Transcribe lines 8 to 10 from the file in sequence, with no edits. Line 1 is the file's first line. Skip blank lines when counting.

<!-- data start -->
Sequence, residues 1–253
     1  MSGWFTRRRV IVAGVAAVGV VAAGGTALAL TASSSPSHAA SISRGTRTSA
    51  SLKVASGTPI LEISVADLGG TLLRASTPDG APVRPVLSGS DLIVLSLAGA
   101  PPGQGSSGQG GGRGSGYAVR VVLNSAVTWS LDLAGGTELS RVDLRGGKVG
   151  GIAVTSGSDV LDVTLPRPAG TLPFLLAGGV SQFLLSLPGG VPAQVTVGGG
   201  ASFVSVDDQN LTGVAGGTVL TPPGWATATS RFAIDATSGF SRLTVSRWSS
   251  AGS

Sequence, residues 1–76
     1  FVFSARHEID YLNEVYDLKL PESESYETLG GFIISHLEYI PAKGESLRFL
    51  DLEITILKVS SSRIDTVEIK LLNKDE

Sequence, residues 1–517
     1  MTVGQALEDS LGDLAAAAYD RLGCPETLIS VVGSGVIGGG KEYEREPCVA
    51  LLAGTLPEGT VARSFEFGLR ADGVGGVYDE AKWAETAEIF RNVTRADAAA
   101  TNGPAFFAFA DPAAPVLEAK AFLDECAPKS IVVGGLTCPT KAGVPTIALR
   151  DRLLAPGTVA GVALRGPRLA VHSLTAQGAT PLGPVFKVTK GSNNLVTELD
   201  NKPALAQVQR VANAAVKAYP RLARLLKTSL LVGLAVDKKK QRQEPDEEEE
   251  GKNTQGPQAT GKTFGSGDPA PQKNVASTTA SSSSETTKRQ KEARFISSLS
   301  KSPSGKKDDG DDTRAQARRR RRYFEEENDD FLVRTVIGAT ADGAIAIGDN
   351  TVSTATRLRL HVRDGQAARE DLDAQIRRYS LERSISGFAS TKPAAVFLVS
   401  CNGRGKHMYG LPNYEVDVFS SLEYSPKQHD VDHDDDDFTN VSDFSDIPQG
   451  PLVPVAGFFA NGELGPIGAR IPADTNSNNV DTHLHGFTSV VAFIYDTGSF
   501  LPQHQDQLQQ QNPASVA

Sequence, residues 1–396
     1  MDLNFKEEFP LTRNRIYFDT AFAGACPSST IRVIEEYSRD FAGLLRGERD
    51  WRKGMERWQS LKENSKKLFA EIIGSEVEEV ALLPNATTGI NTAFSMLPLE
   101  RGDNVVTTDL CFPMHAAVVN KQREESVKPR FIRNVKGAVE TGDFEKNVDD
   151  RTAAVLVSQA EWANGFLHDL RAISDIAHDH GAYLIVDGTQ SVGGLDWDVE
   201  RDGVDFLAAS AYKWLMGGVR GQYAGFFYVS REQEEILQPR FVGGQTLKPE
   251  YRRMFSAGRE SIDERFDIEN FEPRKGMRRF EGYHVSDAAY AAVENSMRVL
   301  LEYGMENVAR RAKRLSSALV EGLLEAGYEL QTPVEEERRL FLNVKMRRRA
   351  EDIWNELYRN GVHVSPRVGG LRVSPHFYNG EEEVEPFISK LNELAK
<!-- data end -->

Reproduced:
Sequence, residues 1–76
     1  FVFSARHEID YLNEVYDLKL PESESYETLG GFIISHLEYI PAKGESLRFL
    51  DLEITILKVS SSRIDTVEIK LLNKDE